Supervisor’s failure to help Bradley Manning; more unit witnesses: trial report, day 33
By Nathan Fuller, Bradley Manning Support Network. August 13, 2013.
Former Master Sergeant Paul David Adkins testified for the longest stretch of this morning’s sentencing hearing for Pfc. Bradley Manning, attempting to justify his deficient response to several incidents that should’ve warranted further attention.
Manning sent Adkins an email titled “My Problem,” with an attached photo of Manning dressed in a wig and makeup. It began,
This is my problem. I’ve had signs of it for a very long time. It’s caused problems within my family. I thought a career in the military would get rid of it. It’s not something I seek out for attention, and I’ve been trying very, very hard to get rid of it by placing myself in situations where it would be impossible. But, it’s not going away; it’s haunting me more and more as I get older. Now, the consequences of it are dire, at a time when it’s causing me great pain it itself.
Adkins referenced the email to mental health professionals but didn’t explain its contents, and he didn’t take the matter to his commander.
In a December 2009 counseling session with Sgt. Daniel Padgett, Manning flipped over a desk, sending government computers crashing to the floor. Chief Warrant Officer Joshua Ehersman testified this morning that Manning then gestured toward the weapon rack, so Ehersman restrained him in a Full Nelson hold. Adkins was informed of the matter but again didn’t tell his company commander.
In perhaps the most troubling incident, Adkins came upon Manning curled up in a ball on the floor of a supply room, with a knife beside him on the floor. He had carved the words “I want” onto the chair next to him. Adkins said he calmed Manning down but didn’t take him to see anyone.
“Why wouldn’t you take him to mental health immediately?” asked defense lawyer David Coombs. Adkins couldn’t explain.
Instead of taking him to a doctor, Adkins simply sent him back to work, as “there was stuff to do.” Clearly not “calm,” Manning punched Specialist Jihrleah Showman later in that work shift.
Adkins was reprimanded and ultimately reduced in rank for his failures to respond to these incidents. CW2 Kyle Balonek, who expected to be supervising intelligence analysts, testified this morning that Adkins “circumvented” him when handling soldiers’ issues.
Coombs had Adkins, who still appears to be suffering from ‘memory loss’ that none of his former colleagues could confirm, reread his own statements in which he said that he was “unsure” of Manning was a “threat to himself” and that he was a “constant source of concern.” He asked Adkins why he didn’t remove Manning from the Secret Compartmentalized Information Facility (SCIF) if that was the case, and Adkins said that doing so would have removed his second Shi’a analyst. He would’ve had to move CW2 Balonek over to the night shift, reducing the unit’s “abilities to analyze and assess the biggest threat by a third.”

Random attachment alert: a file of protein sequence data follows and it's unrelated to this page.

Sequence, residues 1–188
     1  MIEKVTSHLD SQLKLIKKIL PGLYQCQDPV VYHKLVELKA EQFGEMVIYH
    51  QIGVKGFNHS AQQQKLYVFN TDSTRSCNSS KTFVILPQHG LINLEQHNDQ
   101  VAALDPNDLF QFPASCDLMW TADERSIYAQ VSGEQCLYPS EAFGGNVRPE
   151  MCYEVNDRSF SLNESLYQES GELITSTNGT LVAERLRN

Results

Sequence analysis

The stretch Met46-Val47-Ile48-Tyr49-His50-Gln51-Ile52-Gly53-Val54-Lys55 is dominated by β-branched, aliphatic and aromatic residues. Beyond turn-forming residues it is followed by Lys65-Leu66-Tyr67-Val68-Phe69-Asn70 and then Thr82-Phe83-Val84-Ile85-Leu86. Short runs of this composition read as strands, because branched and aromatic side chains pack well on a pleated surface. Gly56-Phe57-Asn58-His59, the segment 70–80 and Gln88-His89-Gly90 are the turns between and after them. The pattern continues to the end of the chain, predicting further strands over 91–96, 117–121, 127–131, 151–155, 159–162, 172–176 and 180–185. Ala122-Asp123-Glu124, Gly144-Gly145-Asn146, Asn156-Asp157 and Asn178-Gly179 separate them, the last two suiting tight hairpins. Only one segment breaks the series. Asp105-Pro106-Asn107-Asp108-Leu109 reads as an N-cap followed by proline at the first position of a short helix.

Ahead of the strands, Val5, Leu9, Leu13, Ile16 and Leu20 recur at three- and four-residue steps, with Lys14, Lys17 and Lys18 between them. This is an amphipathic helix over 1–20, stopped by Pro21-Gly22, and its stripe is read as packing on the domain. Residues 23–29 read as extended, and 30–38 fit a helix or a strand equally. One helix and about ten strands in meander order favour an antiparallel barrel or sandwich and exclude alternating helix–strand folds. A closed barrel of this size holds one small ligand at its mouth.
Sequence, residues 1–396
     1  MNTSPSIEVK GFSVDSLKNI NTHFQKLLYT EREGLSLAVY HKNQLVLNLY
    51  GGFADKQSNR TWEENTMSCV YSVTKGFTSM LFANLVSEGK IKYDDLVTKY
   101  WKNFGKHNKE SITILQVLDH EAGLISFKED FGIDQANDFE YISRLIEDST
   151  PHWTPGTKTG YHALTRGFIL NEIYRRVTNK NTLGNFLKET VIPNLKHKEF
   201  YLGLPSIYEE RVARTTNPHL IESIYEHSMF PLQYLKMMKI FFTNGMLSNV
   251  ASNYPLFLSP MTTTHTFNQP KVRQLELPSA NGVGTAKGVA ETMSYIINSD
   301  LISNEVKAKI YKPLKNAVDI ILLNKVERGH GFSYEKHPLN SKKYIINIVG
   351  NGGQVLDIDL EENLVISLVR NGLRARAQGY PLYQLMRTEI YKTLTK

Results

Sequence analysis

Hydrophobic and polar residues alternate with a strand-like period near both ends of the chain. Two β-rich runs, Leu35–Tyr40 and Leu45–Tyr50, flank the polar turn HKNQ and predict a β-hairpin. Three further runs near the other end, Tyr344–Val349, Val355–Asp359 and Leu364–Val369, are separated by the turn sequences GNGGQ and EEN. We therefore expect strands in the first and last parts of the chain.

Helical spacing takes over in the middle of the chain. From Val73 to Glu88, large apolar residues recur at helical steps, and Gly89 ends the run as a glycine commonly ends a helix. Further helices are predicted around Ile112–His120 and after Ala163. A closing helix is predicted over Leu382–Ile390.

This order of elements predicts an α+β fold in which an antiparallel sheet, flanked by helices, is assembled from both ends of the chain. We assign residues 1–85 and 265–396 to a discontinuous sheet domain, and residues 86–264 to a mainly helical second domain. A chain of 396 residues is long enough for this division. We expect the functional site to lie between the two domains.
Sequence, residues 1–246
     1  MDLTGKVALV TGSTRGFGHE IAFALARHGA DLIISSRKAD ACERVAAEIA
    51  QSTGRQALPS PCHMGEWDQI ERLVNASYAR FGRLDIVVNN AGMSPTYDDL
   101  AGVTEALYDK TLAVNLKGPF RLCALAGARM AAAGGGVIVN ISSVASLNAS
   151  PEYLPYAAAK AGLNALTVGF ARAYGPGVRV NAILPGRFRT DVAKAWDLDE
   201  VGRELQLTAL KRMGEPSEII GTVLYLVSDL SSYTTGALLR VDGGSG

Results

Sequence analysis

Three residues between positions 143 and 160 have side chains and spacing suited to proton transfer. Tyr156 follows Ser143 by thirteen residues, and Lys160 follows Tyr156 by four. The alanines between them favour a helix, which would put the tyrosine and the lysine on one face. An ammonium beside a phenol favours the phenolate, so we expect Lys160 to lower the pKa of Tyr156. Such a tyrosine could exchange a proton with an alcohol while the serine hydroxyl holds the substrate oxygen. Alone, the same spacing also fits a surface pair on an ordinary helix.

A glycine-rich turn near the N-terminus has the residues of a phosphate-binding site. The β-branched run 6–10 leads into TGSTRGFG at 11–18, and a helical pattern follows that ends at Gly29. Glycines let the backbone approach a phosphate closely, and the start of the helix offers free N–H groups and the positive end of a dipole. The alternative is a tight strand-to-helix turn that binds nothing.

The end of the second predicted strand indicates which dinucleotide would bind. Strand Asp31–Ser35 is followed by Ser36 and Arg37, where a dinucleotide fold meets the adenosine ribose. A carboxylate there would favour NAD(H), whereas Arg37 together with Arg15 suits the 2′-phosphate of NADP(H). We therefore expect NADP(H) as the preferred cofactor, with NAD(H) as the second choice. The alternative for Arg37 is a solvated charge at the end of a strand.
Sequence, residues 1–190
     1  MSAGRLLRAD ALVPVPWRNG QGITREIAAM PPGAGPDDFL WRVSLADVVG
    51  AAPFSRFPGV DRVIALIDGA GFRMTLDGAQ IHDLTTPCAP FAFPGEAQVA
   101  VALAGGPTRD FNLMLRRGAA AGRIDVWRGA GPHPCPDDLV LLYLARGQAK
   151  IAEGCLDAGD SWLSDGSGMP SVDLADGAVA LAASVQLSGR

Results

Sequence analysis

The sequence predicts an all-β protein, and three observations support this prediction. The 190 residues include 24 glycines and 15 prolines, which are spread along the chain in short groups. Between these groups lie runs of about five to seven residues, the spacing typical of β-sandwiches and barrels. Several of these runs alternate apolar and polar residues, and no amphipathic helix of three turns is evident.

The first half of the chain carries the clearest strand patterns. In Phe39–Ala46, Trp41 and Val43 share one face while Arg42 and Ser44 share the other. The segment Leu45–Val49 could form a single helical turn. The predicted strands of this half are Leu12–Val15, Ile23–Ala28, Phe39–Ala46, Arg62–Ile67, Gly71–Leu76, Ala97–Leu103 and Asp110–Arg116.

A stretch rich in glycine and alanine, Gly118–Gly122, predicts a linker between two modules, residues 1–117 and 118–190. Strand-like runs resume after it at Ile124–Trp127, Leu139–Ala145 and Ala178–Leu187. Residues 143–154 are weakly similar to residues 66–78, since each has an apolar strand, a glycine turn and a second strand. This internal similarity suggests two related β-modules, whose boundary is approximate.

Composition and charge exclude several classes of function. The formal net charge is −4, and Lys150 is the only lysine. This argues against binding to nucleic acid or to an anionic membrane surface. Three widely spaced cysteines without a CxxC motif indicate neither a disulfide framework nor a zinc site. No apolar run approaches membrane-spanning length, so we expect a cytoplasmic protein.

15 “Red flags” ignored
Lillian Smith, the government-appointed subject matter expert on information assurance for the defense team, testified about her review of the Army CID’s initial investigation into Bradley Manning’s disclosures, the 15-6 investigation into the unit failures that led up to the disclosures, and the Article 32 pretrial hearing in December 2011.
Smith identified 15 “red flags” that should have alerted Manning’s superiors that he might not be “suitable” to receive or maintain his security clearance, dating as far back as his Advanced Individual Training in 2008, all the way up to the incidents that Adkins failed to address.
Manning picked on in Iraq
Sheri Walsh, a brigade legal soldier, befriended Manning over the course of their deployment in Iraq. She often invited him to eat with her and over time, they began to talk at some length. She testified about fellow soldiers picking on him, including an incident in which one soldier punched a door to hit Manning in the face.
Lorena DeFrank (formerly Lorena Cooley) testified that she had referred to Manning as the “runt” of their unit, as he was physically the smallest.
DeFrank testified that Manning liked to talk about politics with her, and that after their mid-tour leave in early 2010, Manning had asked her to look at an Apache video (Collateral Murder). In April 2010, she said she overheard him in a Skype conversation, in which he expressed concern about public opinion in the United States.
Bradley to take the stand tomorrow
David Coombs confirmed after court that Manning will take the stand tomorrow – it will be up to Manning whether he testifies as a witness or whether he gives an unsworn statement that cannot be cross-examined.